• CountyLine
  • Retriever
  • Ridgecut[32][33]
  • Blue Mountain[32]
  • American Farm Works
  • Barn Star
  • Bit & Bridle
  • C.E. Schmidt Workwear
  • Red Stone
  • Producer's Pride
  • Job Smart
  • Paws & Claws
  • Traveller
  • Treeline
  • Pet Vet Clinic[34]
  • Tractor Supply Co Rx

OperationEdit

MarketingEdit

Tractor Supply's mission statement is: "To work hard, have fun and make money by providing legendary service and great products at everyday low prices."[35] In the mid-2000s, Tractor Supply conducted advertising campaigns featuring the slogan "The Stuff You Need Out Here."[11] The company’s tagline later became “For Life Out Here.”[8]

From 1998 to 2002, George Strait was the spokesman for Tractor Supply.[10]

In 2020, Tractor Supply was a sponsor of the NBA.[36] In 2021, the company became a corporate sponsor of PBR.[37]

Distribution centersEdit

In 2021, TSC broke ground on its ninth distribution center.[38]

Corporate affairsEdit

PhilanthropyEdit

The company has been a sponsor for 4-H since 2010.[39] In the fall of 2021, Tractor Supply raised $1.3 million for 4-H members through their Paper Clover campaign.[40] In 2016, the company started its Grants for Growing program to raise money for FFA students.[41] In 2021, the company raised $790,269.[41]

In 2019, Tractor Supply started working with the MuttNation Foundation, a nonprofit founded by Miranda Lambert that helps shelter pets. The foundation is supported by proceeds from MuttNation’s line of pet products sold by Tractor Supply.[42][43][44]

In 2020, Tractor Supply joined Land O'Lakes, Microsoft and others in the American Connection Project to support rural broadband access.[45][46]

Environmental initiativesEdit

In 2017, all TSC stores were outfitted with LED lighting.[47] In 2021, the company was named to Investor Business Daily's 100 Best ESG Companies.[48] In December 2021, the company joined the U.S. Environmental Protection Agency’s Green Power Partnership.[49] TSC has committed to net zero carbon emissions by 2040.[50]

Acquisitions and subsidiariesEdit

In 2002, Tractor Supply was part of a group (also including four liquidation firms) that purchased some of the leases of the bankrupt Quality Stores, Inc.,[51] a Michigan-based company. The company operated over 300 stores in 30 states under the names CT Farm & Country; Country General; Quality Farm & Fleet; County Post; Central Farm and Fleet, and FISCO. In September 2016, Tractor Supply acquired Petsense, LLC, a small-box specialty retailer of pet supplies primarily located in small and mid-size communities.[52] In February 2021, the company announced that it would acquire Orscheln Farm & Home for $297 million.[53]

Tractor Supply also owns Del's Feed & Farm Supply, a former farm retail chain in the Pacific Northwest and Hawaii,[54] with all but two Del's stores having been converted into Tractor Supply stores.[55]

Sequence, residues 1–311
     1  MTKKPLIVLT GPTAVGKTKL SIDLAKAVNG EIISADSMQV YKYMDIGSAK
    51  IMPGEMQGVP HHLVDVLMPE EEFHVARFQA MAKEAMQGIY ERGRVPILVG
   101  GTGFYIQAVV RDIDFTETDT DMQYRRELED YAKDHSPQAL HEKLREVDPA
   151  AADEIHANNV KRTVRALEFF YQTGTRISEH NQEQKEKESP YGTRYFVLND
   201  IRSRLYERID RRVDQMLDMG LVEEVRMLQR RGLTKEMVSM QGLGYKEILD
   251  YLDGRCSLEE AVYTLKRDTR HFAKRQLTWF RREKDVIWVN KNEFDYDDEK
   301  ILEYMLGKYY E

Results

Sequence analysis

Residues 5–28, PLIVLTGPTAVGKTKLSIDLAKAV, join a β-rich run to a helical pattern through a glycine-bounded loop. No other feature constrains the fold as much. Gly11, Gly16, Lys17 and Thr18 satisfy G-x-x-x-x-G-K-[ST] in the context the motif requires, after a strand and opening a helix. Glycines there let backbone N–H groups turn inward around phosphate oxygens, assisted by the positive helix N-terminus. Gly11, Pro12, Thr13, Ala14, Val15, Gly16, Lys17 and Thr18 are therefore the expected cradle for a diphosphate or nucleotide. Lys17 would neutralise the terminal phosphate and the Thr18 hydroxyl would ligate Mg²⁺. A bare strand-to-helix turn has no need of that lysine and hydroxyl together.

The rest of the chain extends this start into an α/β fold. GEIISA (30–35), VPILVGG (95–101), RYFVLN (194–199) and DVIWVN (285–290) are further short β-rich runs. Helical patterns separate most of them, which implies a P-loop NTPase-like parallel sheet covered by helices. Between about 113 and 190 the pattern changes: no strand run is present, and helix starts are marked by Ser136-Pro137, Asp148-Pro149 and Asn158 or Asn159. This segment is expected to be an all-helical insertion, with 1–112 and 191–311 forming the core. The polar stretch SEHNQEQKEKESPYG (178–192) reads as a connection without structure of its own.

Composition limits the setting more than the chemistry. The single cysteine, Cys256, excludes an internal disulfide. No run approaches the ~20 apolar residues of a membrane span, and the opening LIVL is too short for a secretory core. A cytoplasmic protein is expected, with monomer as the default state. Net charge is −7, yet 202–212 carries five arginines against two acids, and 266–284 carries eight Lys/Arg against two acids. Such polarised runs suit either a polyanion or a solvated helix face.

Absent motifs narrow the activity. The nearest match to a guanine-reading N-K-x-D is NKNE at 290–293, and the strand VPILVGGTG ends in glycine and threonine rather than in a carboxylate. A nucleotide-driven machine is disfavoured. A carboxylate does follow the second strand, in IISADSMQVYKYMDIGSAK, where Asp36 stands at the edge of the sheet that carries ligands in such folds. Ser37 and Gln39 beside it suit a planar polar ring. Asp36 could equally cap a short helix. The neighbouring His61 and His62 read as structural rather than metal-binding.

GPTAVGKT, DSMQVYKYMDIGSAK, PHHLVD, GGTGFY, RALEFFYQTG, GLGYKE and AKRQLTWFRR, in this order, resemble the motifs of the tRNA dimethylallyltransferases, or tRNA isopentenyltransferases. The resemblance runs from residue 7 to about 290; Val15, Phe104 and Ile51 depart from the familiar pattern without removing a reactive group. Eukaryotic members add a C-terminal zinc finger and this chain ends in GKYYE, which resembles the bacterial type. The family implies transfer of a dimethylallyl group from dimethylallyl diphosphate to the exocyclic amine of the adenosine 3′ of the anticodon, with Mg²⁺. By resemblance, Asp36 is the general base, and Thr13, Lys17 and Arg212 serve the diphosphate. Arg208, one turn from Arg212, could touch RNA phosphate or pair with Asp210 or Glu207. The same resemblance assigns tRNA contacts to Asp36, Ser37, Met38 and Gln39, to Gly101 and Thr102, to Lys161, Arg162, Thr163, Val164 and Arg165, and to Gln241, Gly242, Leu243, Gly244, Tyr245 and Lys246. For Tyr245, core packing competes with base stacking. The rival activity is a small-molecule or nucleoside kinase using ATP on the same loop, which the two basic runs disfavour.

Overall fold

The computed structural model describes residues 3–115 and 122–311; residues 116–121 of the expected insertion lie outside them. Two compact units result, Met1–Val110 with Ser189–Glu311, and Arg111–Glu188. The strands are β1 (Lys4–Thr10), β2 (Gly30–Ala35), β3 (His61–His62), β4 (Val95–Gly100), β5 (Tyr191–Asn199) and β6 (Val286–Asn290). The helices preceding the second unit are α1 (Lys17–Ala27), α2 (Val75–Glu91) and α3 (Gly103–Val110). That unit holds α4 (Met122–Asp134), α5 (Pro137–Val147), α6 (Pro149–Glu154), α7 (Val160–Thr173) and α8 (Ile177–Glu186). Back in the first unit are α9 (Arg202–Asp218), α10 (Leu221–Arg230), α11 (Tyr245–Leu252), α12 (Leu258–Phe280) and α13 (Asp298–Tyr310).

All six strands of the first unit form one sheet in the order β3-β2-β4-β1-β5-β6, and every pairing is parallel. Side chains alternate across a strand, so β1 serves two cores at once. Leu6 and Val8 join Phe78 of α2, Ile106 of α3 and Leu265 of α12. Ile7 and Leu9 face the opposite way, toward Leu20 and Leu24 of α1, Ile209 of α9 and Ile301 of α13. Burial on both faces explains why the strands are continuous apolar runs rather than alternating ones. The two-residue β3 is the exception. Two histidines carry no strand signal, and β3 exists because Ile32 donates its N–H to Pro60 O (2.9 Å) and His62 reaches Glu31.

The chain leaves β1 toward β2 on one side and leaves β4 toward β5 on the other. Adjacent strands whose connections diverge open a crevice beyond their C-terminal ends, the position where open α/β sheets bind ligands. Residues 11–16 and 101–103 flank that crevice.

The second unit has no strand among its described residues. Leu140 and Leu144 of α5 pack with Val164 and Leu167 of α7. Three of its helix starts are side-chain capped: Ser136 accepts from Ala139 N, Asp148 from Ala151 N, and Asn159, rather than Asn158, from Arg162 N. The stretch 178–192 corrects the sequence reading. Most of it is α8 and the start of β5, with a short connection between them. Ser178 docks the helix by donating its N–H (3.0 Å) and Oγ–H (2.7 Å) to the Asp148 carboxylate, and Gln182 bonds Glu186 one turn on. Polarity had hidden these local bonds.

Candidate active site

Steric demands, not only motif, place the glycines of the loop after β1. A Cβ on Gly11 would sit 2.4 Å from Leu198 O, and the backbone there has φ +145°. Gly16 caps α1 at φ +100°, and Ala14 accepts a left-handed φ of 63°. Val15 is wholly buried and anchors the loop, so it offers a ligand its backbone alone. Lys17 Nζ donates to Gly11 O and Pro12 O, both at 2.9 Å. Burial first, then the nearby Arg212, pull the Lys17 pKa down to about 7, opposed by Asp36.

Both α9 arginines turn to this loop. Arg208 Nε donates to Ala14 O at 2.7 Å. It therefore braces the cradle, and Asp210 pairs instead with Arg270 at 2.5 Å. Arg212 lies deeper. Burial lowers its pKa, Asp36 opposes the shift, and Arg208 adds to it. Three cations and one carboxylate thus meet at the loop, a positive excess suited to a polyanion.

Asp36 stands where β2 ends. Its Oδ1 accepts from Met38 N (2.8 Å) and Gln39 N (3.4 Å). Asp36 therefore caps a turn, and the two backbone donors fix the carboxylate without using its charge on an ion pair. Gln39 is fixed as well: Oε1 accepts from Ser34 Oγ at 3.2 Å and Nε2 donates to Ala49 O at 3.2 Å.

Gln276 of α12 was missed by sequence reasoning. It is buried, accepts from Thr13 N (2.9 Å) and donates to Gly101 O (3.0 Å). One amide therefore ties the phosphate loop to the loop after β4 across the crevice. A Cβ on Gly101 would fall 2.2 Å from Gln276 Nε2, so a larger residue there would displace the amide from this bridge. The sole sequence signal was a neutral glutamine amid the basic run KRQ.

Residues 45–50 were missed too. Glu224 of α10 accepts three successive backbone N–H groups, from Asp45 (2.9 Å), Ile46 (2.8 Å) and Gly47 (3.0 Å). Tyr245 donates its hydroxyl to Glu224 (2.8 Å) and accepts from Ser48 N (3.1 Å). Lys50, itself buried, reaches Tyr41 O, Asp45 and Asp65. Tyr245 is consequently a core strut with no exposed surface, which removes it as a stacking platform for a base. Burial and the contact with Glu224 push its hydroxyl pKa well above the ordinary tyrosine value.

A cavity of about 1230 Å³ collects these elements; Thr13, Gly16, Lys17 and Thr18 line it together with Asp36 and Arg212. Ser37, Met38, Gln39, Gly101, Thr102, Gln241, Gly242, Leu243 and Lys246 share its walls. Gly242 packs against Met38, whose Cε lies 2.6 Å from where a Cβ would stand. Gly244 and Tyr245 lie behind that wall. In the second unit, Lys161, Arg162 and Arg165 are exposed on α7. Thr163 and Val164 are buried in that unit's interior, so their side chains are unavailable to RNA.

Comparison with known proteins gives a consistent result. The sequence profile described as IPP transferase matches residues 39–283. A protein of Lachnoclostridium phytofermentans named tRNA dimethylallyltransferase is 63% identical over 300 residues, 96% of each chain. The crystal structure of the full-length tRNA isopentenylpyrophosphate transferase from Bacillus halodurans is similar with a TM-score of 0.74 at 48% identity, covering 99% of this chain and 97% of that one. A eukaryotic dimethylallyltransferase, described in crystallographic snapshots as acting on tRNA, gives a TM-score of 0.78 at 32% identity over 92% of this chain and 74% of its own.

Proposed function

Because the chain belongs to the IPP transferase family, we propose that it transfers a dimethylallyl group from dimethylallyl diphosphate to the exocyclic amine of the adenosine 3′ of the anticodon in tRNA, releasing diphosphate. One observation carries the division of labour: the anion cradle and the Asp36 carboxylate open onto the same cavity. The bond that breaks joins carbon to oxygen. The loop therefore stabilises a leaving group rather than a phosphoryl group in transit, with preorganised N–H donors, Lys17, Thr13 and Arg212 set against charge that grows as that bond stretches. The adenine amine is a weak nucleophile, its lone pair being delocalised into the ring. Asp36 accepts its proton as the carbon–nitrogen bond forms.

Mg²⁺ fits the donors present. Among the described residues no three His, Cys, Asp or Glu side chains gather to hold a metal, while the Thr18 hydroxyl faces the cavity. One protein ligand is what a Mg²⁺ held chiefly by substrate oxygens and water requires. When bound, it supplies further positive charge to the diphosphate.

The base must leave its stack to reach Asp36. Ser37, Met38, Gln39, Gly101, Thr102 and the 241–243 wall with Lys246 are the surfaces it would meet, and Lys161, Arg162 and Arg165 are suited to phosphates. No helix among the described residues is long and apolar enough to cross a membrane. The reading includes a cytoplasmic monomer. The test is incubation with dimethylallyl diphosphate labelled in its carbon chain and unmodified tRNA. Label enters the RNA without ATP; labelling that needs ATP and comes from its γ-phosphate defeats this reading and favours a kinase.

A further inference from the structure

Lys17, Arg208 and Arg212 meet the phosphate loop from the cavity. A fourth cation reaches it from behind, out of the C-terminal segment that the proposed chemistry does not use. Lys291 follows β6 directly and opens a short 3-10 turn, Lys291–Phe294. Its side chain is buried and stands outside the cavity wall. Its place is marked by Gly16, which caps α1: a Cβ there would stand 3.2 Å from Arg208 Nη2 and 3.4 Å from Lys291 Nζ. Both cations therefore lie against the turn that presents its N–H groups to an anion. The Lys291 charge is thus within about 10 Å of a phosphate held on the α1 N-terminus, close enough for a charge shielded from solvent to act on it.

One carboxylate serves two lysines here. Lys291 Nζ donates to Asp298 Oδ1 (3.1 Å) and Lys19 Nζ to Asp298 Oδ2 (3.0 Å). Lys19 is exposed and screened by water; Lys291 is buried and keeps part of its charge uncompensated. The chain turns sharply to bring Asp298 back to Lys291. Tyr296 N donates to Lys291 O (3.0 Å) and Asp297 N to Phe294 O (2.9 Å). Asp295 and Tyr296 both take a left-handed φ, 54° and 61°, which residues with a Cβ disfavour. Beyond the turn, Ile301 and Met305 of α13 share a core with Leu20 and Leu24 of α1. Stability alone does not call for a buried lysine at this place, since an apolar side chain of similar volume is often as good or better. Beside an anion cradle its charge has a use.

Maternity litigationEdit

A lawsuit filed against the company by former employee Melissa Douglas claims the company violated the Americans with Disabilities Act when it refused to offer her modified work duties while she was pregnant. [56]

TSC Stores L.P. (Canada)Edit

In November 1966, TSC opened its first Canadian location in London, Ontario. The Canadian stores have not been affiliated with the U.S. operation of TSC since 1987, when the American parent company sold these locations to Birch Hill Equity Partner., an investment company based in Toronto. In July 2016, Peavey Mart acquired a controlling stake in TSC, and later acquired the company outright. In 2016, the Manitoba TSC stores were rebranded as Peavey Mart, while Ontario stores were rebranded by February 2021.[57][58][59]

ReferencesEdit

  1. ^ a b c https://d18rn0p25nwr6d.cloudfront.net/CIK-0000916365/70ab3ce7-b19d-42e8-885c-5f13a8936b35.pdf[bare URL PDF]
  2. ^ Pulman, Alecia; Fraser, Brittany (October 28, 2014). "Tractor Supply Company Enters Utah Market". MarketWatch. Retrieved June 24, 2019.
  3. ^ a b c d e f g "How poultry and a pandemic put Tractor Supply ahead of the pack". Fortune. Retrieved 2021-10-20.
  4. ^ a b Press, KARIN MILLERThe Associated. "Tractor Supply Co. Has Big Appeal for Self-Sufficient Customers". The Ledger. Retrieved 2021-10-20.
  5. ^ Kytonen, Rachel. "Tractor Supply Company coming to Cambridge". hometownsource.com. Retrieved 2021-10-20.
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  8. ^ a b c d e f g h "A 360-Degree View of Tractor Supply Company". Hardware Retailing. 2015-05-27. Retrieved 2021-10-25.
  9. ^ Hanbury, Mary. "Millennials ditching cities for the US countryside are boosting sales at rural businesses, the CEO of a $22 billion agriculture retailer says". Business Insider. Retrieved 2021-10-30.
  10. ^ a b Fox, David A. "Tractor Supply 4th-qtr. results up; Goodbye to spokesman George and other conference call notes". Nashville Post. Retrieved 2021-10-25.
  11. ^ a b Rhoades, Emily B.; Irani, Tracy (2008). ""The Stuff You Need Out Here": A Semiotic CaseStudy Analysis of an Agricultural Company's Advertisements". Journal of Applied Communication Research. Retrieved June 24, 2019.
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Further readingEdit

  • Eddy, Nelson (2004). Work hard, have fun, make money: the Tractor Supply story. Brentwood, Tenn.: Tractor Supply Co. ISBN 0976106604.

External linksEdit